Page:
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Geographies of the Ancient City: Lessons to Learn from Diachronic Comparisons

Creators: Tom Elliott Copyright © The Contributors. Sharing and remixing permitted under terms of the Creative Commons Attribution 3.0 License (cc-by).
Last modified Aug 07, 2014 06:31 PM
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A second call for papers has just been issued for this session at the Annual International Conference of the Royal Geographical Society (London, August 2014). Deadline for 300-word proposals is February 3, 2014.

From the online call for papers, a description of the session:

Cities have a diverse history that stretches several millennia. Faced with the challenges of a rapidly urbanising world, urban geography traditionally emphasises the present and future of cities. Historical geography, on the other hand, is criticised for not usually penetrating into the past beyond a couple of centuries (Jones 2004; Lilley 2011), limiting the geographical perspectives and comparisons produced. It therefore is the realm of (ancient) historians and archaeologists to fill the gap left by geographers in the study of cities (Smith 2009). The ancient city has recently been a burgeoning area of research, especially through advances in archaeological data acquisition revealing an increasing diversity of precursory urban patterns (Smith 2003; Atkin & Rykwert 2005; Storey 2006; Marcus & Sabloff 2008; Gates 2011). Contemporary geographical and social perspectives and techniques are regularly utilised to elucidate the urban life and structures of the past (e.g. Lilley et al. 2007; York et al. 2011; Stanley et al. 2012; Vis 2014). However, rarely is research on deeply historical human processes and ‘alternative’ urban traditions brought in direct relation to current global urban issues. Only through the lens of the past can long-term societal processes — the successes and failures of different kinds of urban form, urban life, and sustainability — be better understood and can an evidence-base be built for the planning and interventions, which facilitate social prospering, adaptation, and endurance in urban settings.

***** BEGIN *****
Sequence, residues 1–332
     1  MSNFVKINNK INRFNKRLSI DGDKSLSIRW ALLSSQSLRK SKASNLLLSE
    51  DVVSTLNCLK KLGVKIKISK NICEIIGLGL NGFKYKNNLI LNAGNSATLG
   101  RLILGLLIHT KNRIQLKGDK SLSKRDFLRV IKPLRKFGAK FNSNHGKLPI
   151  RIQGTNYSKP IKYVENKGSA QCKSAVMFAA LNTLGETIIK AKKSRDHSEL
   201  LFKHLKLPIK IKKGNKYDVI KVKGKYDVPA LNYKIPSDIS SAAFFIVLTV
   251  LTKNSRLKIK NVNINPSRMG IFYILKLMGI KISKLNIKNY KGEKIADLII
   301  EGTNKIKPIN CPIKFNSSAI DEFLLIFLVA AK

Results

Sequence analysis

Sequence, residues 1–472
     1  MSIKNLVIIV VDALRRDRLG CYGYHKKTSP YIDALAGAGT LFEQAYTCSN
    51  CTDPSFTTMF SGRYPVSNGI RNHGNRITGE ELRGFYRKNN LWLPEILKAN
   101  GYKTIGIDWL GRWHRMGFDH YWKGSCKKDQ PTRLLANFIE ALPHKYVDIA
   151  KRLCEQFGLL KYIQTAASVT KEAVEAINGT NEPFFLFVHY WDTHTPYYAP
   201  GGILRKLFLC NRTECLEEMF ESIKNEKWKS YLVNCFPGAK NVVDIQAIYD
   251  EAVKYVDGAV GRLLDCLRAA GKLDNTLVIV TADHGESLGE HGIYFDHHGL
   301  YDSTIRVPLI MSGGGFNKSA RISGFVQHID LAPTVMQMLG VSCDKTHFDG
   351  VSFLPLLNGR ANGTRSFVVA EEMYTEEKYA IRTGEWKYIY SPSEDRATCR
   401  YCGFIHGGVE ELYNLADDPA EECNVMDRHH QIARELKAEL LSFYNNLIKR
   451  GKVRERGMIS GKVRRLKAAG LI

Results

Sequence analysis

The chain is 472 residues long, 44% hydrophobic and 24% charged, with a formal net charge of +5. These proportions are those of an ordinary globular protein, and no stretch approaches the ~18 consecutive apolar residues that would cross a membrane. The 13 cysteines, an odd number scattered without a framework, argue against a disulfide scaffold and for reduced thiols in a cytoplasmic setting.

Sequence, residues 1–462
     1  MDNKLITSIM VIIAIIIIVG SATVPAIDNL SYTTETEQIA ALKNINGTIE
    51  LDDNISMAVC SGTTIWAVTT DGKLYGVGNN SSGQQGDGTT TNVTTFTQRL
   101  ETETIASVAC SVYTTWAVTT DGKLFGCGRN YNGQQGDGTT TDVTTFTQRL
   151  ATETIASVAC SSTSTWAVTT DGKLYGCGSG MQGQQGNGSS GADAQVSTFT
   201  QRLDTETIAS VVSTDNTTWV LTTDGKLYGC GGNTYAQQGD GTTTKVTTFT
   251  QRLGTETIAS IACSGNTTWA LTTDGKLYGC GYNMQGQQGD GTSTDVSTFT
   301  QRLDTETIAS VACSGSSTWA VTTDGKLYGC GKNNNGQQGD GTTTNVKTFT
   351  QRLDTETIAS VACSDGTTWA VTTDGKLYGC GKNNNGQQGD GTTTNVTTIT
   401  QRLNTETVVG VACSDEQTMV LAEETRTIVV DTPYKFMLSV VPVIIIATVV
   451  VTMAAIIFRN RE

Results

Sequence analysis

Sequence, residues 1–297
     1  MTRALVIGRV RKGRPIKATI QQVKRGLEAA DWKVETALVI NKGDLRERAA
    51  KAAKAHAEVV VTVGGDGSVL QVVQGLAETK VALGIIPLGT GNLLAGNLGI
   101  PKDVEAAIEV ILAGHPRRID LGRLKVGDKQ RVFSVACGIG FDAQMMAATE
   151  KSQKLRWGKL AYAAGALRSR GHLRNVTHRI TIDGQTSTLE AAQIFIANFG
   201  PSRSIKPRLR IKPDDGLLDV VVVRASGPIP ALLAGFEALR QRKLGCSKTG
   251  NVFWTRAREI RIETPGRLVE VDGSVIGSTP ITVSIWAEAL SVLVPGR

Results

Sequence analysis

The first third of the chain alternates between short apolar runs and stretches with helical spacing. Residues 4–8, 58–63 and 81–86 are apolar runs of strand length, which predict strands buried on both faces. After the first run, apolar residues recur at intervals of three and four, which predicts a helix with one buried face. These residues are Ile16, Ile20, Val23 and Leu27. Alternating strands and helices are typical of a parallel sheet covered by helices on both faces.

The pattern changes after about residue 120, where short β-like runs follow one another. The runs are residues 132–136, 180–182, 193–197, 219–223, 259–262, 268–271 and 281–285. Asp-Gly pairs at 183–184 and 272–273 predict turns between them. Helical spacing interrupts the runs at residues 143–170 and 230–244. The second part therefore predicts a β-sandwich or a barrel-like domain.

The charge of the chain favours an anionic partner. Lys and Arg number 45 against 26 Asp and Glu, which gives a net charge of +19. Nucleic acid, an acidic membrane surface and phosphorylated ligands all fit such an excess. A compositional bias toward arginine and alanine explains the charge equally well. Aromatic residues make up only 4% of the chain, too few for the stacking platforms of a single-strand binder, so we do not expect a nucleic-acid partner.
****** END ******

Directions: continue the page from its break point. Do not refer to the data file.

It would be of mutual benefit to facilitate an informed dialogue between the historical sciences and present-day urbanists, which could identify the common grounds and formulate appropriate frames of reference and methods for comparisons (e.g. Nijman 2007; Smith 2012). Rigorous comparisons can explicate processes and their determinants as well as revealing the specific regularities and differences between them. Therefore, this session aims to open a direct debate between urban geographers thinking their views and methods offer important cues to the deeper history of cities and the historical geographers thinking their urban research holds relevant lessons for current urbanisation and urban life. These fields of interest will be broadly defined in the context of the ‘comparative social science history’ of cities and contributions from cognate disciplines are warmly welcomed.

For more information, please see the online call for papers or contact the session organizer, Benjamin Vis, at the University of Leeds (b.n.vis10@leeds.ac.uk).

 

Neither Pleiades, nor its institutional hosts and sponsors, are involved in the organization of this conference or panel.